After allowing his third goal of the night, Ilya Bryzgalov was pulled in favor of Darcy Kuemper. The 23-year-old saw his first game action since March 27 against the St. Louis Blues. He turned away all 14 shots face in 21:44 of action.
In the first two games in Colorado, Minnesota didn’t have an answer for the Avalanche’s top line of Gabriel Landeskog, Nathan MacKinnon and Stastny. The trio combined for 17 points in two games. MacKinnon was especially dangerous, as his speed through the neutral zone was a difference maker. The rookie is an explosive skater and has a nice set of hands to boot. His first period goal will make the rounds as a top play candidate in a variety of highlight shows. In his first two career Stanley Cup Playoff games, MacKinnon was in video-game mode, scoring seven points (1-6=7).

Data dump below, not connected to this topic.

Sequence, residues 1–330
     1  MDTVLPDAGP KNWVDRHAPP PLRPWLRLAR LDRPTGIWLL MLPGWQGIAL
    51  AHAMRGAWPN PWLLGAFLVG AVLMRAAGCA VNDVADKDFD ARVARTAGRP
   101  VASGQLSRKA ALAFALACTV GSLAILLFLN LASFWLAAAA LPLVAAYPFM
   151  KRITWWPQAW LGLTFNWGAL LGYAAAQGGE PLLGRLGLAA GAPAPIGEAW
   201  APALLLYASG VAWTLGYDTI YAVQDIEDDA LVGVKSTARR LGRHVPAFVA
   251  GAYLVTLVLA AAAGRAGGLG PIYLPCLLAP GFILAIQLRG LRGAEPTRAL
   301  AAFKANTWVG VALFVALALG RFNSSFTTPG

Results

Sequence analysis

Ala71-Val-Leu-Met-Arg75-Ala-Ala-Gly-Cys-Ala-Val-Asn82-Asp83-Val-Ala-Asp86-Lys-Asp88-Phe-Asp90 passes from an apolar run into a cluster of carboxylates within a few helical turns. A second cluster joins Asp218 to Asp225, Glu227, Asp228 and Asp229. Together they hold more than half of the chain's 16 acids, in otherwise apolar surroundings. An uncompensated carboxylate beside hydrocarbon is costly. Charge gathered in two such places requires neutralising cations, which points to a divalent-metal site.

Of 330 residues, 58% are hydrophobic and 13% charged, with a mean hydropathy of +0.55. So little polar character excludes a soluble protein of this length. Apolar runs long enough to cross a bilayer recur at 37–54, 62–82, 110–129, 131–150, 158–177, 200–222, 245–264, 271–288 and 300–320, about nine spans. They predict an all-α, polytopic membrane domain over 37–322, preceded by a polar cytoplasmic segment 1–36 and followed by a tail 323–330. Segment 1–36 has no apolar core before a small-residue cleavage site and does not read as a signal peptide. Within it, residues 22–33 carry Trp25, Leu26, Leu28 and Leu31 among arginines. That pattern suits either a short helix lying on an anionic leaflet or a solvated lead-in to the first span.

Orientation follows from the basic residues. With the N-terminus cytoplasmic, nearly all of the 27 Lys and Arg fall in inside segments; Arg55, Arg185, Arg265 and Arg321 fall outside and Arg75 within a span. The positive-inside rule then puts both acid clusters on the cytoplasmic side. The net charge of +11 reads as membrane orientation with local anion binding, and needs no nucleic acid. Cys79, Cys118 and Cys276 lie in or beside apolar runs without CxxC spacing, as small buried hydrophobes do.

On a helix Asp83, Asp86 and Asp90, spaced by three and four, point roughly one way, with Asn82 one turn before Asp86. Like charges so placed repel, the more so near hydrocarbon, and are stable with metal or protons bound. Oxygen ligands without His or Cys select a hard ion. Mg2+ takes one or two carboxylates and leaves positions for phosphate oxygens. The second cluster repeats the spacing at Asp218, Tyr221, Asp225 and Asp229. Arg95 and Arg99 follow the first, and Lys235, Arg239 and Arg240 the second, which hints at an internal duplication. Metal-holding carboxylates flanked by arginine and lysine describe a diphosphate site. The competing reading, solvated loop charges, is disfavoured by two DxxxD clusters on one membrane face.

After year one, it seems like the Avs made the right choice in selecting MacKinnon with the first overall pick in last year’s National Hockey League Entry Draft. Some analysts believed that Colorado should’ve used the pick on defenseman Seth Jones. That remains to be seen, but the early money is on MacKinnon, as he’s a lock to win the Calder Trophy this season.
With the series returning to Minnesota on Monday and the Wild getting the last change on home ice, it will be interesting to see who the club tries to match against the Avs’ top line.